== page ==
Sadek clicked her tongue as she pulled away from Rhade to grab the back of Cortez’s chair and look over them. ‘Sounds like successful sabotage.’

‘Can we pick them up? Any of these people?’ asked Cortez.

‘I can’t get a good read of individuals aboard the Endeavour,’ Thawn admitted, ‘let alone try to beam them if the ship’s entering quantum flux…’

‘You beamed Rourke off Epsilon-7!’

‘With a combadge and a tricorder boosting his signal and the transporter systems of a starship!’ Thawn squeaked in indignation. ‘But -’

Then the King Arthur lurched, and their argument stopped being the most important thing. Cortez swore. ‘The core’s breaching – but damn, these gravimetric distortions, that quantum field – this is the same thing that happened at Epsilon-7.’

They’d needed to get Endeavour some three million kilometres away from Epsilon-7 as the station was sucked into an unstable interphasic rift of its own generation. Cortez had been in Main Engineering, but it had taken every ounce of power to stop being caught in the rift and ripped apart – or whatever had happened to the station. Now they were much closer, in a much less-powerful ship. Cortez’s hand slammed on the controls. ‘I need all power to engines, Lieutenant.’

‘On it!’ Thawn said, the panic fading as she focused out of necessity.

Rhade was on his feet, too, even as the deck of the King Arthur shook. ‘If any of them got away, we have to pick them up or there’s no way they can get far enough…’

‘If we delay even a moment we’re all screwed, Lieutenant,’ Cortez snapped. ‘Hitting full impulse.’ Her sensors were going wild, and if she hadn’t seen this before, it would have taken so much time to figure out what was going on that they’d be dead before she knew what to do. In their gambit to go home, the ISS Endeavour had sowed the seeds of their own destruction. Their modified, overloading warp core wasn’t helping them jump through realities, but instead creating the rift across universes inside the ship itself.

It was like she was being sucked up from the inside, gravimetric distortions going wild, the ship crumbling and crumpling, hull shattering and imploding. The King Arthur’s deck shuddered as the runabout tried to get more distance, but they weren’t going fast enough. Then Cortez’s sensors pinged and she didn’t have time to look as she kept punching power to the engines.

Thawn swore. ‘The Endeavour’s gone,’ she gasped. ‘It’s just – it’s gone into the rift. There’s no way they’ve not been ripped apart, wherever they’re ending up…’

‘Let’s not let the same thing happen to us,’ Cortez growled. ‘Screw sensors, just go.’

It was like she was trying to tear the runabout apart with just the tips of her fingers at the flight controls. The bulkheads shuddered, alert sirens flared and she could see the power levels fluctuate, feel the engines sputtering.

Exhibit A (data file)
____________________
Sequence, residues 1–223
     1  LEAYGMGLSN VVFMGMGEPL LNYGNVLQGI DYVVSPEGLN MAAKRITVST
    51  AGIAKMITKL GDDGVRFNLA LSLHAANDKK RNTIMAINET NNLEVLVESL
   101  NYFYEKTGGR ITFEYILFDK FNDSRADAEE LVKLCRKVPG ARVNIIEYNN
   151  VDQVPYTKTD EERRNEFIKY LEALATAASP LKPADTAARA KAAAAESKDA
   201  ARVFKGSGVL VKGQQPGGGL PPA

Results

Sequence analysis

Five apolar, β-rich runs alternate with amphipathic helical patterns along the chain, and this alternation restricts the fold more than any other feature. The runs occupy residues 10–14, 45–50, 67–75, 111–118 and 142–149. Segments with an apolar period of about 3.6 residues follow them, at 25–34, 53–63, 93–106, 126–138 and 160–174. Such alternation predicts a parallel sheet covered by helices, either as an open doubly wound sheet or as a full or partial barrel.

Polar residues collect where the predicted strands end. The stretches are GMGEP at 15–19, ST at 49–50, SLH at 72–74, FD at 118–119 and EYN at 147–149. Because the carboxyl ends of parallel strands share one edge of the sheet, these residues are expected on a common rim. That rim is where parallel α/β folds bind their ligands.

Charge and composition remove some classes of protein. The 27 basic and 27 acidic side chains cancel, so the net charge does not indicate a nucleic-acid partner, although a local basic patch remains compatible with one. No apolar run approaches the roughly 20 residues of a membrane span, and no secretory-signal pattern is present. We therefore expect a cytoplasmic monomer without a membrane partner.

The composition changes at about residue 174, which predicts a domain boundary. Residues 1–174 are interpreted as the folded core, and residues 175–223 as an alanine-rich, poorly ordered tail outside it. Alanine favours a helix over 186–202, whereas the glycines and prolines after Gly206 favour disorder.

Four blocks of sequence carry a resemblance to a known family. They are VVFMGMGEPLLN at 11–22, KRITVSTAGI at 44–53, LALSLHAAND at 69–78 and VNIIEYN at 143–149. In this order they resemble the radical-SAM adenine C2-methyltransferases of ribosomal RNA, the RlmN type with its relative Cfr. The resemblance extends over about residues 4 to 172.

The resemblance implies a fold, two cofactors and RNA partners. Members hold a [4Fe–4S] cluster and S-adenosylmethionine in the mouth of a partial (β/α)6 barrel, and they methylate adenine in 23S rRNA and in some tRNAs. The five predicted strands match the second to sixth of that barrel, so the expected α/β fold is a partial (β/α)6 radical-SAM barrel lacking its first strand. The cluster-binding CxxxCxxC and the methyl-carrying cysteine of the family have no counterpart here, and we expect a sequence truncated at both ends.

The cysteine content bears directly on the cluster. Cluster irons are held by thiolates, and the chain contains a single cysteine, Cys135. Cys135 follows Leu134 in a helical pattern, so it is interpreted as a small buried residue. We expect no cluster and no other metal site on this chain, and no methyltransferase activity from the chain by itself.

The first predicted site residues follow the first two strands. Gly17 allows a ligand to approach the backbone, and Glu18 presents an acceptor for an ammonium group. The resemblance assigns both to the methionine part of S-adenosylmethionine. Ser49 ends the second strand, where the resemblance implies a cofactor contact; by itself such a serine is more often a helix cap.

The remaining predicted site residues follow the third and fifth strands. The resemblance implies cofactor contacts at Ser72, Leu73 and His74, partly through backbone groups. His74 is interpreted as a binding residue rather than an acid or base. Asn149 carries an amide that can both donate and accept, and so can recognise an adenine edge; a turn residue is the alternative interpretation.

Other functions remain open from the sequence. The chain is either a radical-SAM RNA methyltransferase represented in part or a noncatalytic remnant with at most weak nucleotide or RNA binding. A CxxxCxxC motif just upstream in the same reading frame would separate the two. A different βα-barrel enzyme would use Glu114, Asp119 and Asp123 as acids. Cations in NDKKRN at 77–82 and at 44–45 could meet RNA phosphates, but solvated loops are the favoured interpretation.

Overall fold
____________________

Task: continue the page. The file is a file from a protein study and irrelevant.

‘We’re caught in the gravitic pull,’ Thawn said, voice now detached, professional. ‘We’re not getting enough distance and that distortion field is growing – if we don’t get out now…’

‘I know, I know – we die or we end up in a hellscape!’

But there was no more power to give, no more speed to coax out of the engines. If she’d been in the engine room she might have done something, but leaving the controls for just a second would kill them all, even to swap. ‘Cut power to everything but impulse engines!’ Cortez called.

Thawn did so, hands moving fast. ‘Maybe – maybe if we go to warp…’

‘Gravimetric distortions will rip us apart…’

‘Maybe…’

Slam. The King Arthur rocked, and for half a heartbeat Cortez thought the rift had caught up with them. But that wasn’t how it would work; they’d get pulled back, not instantaneously stop, and it didn’t feel right. It was like they’d lost all of their own inertia, the engines sputtering and dying and still they weren’t being pulled this way and that by the gravimetric distortions.

Thawn’s breath caught in her throat. ‘It’s Endeavour!’

By her tone alone, Cortez knew it was their Endeavour, and as she looked up through the canopy she could see the faint blue glow of a tractor beam, see the hull of the Obena-class explorer as the starship, much mightier than their runabout, took a hold and pulled them away.

The comms panel next to Rhade chirruped. ‘Endeavour to King Arthur. Is everyone alright?’ came Rourke’s voice.

Sadek looked up in the air and swore. ‘Matt, you magnificent bastard, your timing couldn’t be better!’

I’ll take that as a yes. Hold tight, King Arthur; we’re pulling clear of the distortion. We got here just in time to see that arsehole get sucked up by its own bad technology again.

‘Are they gone?’ said Sadek.

No sign of them. Either ripped apart or lost in space-time, and I don’t really care which.’ There was a pause, the hint of low, background voices from Endeavour’s bridge, and when Rourke spoke again his voice was taut. ‘We’re only reading four life-signs, King Arthur.’

Sadek bit her lip. ‘It’s a long story, Endeavour. Lieutenant Dathan isn’t aboard.

Rhade rounded on the comms panel at that. ‘Sir, is Endeavour picking up any signs of anything near that rift – escape pods, shuttles…’

A faint shudder ran through the runabout, and Thawn drew a slow breath as everything went still. ‘The rift’s collapsed. Everything’s gone.’

Another silence filled the cockpit before Rourke spoke, voice thick with realisation. ‘We’re picking up nothing else. You’re the only thing to make it out of that disaster. They’re all gone.

Cortez slumped back at that, head in her hands, and finally she could let the ache of the past days reverberate through her. She expected she’d feel it for a while. ‘Copy that, Endeavour,’ she groaned at length. ‘We’re powered down. You can bring us home.’